Miccolis, Bengen and Evensky on the New Challenges in Portfolio Construction
Conventional wisdom about the best way to construct a portfolio has been discredited, according to three industry thought leaders – Jerry Miccolis, Bill Bengen and Harold Evensky. Each has distinct visions of the ways in which advisors should build portfolios in the wake of the financial crisis of 2008, but all three agree that traditional methods must be scrutinized.
The financial crisis of 2008 was a rare event jarring enough to make people remember where they were when they first learned what was going on. At the very least, advisors surely remember where their clients’ portfolios were positioned when crisis struck – most likely in a range of supposedly well diversified assets whose values, all of a sudden, were plunging in unison.
Since then, advisors have been forced to ask themselves – what could I have done differently?
Miccolis, Bengen, and Evensky got together last week to explain how they are tackling that very question. Appearing for a panel discussion at the Business & Wealth Management Forum in Chicago on October 15th, the three industry leaders explained how they have changed their approaches to portfolio construction since 2008.
A tail risk hedge diamond in the rough
For Miccolis, recovering from 2008 was a matter of shedding the seductive simplicity of conventional wisdom – identifying the core benefits he most sought from his portfolio allocations and working methodically backwards to the sophisticated tools that would reap the proper dividends. Miccolis is Principal and Chief Investment Officer at Brinton Eaton Wealth Advisors, a New Jersey-based advisory firm.
“The modern portfolio theory that most of us are used to using and dealing with doesn’t really correspond to the real world,” Miccolis told the audience. “One of the things that we’ve been doing is taking modern portfolio theory and making it real.”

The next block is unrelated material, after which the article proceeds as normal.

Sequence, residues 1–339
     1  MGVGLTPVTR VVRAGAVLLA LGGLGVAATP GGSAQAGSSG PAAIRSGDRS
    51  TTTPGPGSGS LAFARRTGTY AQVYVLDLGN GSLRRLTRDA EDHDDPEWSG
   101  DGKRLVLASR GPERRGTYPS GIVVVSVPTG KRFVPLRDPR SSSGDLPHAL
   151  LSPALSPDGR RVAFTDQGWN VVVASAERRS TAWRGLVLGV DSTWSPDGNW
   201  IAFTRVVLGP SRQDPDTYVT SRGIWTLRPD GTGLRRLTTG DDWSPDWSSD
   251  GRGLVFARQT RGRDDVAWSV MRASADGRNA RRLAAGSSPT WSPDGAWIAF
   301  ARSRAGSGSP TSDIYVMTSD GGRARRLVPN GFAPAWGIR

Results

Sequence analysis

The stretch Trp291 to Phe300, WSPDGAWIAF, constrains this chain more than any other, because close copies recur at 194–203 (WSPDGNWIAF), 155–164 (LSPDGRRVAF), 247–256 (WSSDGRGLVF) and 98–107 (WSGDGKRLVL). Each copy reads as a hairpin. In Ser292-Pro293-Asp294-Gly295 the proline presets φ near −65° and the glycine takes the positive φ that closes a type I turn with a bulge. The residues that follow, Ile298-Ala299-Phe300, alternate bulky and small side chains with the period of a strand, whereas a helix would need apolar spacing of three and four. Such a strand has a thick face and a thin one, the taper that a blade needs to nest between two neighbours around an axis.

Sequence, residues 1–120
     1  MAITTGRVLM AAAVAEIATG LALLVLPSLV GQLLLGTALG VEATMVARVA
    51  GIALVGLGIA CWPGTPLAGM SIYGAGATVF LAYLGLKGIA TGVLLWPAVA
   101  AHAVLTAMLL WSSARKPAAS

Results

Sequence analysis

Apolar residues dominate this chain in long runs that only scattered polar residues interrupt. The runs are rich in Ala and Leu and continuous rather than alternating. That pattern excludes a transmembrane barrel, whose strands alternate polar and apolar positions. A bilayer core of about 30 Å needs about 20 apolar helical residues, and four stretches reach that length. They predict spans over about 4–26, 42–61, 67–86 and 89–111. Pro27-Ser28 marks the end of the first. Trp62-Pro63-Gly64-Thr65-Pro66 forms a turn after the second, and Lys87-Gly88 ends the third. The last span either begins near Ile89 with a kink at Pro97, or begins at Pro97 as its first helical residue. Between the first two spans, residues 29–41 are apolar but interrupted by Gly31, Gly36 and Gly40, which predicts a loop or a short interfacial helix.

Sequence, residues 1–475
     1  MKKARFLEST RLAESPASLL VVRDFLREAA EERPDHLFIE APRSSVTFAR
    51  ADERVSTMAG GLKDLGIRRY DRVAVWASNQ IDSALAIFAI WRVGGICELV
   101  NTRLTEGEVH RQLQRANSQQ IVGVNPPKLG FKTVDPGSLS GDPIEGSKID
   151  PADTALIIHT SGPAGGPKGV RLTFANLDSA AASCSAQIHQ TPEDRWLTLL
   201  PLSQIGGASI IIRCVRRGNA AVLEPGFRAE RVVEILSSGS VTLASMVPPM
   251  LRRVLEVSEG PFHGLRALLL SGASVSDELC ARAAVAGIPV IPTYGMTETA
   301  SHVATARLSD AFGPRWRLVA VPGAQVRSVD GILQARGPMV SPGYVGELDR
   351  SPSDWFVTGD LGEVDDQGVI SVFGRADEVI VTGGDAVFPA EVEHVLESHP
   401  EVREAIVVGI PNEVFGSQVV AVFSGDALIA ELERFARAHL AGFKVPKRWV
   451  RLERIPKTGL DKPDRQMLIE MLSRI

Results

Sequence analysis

The standard measure of correlation, for example, “is not up to the job in the real world,” Miccolis said. He said he now favors the use of a statistical application known as copulas, which allows him to capture more dynamically the probabilities of how asset classes may interact. However tempting the simpler calculation of basic correlation might be, Miccolis no longer believes he can afford to eschew tools that will improve his understanding of his portfolio.
To approach portfolio construction systematically, Miccolis said, his firm focuses on four central features that define a good portfolio: strategic focus, natural hedging, risk exploitation, and – especially important since 2008 – catastrophe protection.
To achieve better natural hedging, for instance, Miccolis outlined a more active, responsive approach than traditional rebalancing, which Miccolis called “pretty naïve.” In its place, Miccolis uses a sector rotation approach that takes into account the momentum of various assets.
Miccolis explained his approach as follows: He starts by dividing the S&P 500 into 10 distinct sectors by industry. Employing a simple algorithm to obtain a moving average for each sector, Miccolis then compares each sector’s current index price to its moving average and applies a simple rule: If the index exceeds the moving average, it’s a sign to get in; when it dips below, that’s a sign to get out.
Miccolis said this strategy would have consistently surpassed the S&P 500 index over the last two decades.
The part of Miccolis’ presentation that most piqued the audience’s curiosity was his unconventional strategy, developed since 2008, for most effectively managing the risk of economic catastrophe.
Tail risk protection, Miccolis noted, has been in high demand since the havoc that the fall of 2008 wreaked on investors’ portfolios. “It’s a seller’s market out there right now for tail risk protection,” Miccolis said, adding that many of the solutions being pitched are either very expensive or ineffective.
Miccolis’ three exacting criteria for the tail risk hedge he sought were (1) that it should not give back the value it accrues after a crisis passes, but rather it should lock those gains in; (2) that it must be inexpensive; and (3) that it cannot disrupt the overall makeup of his portfolio.
“Very, very, very few things … satisfy all these criteria,” Miccolis said, noting that #1 is an especially tricky goal to achieve – common tail risk hedges, such as VIX, fail this test and were consequently rejected by Miccolis.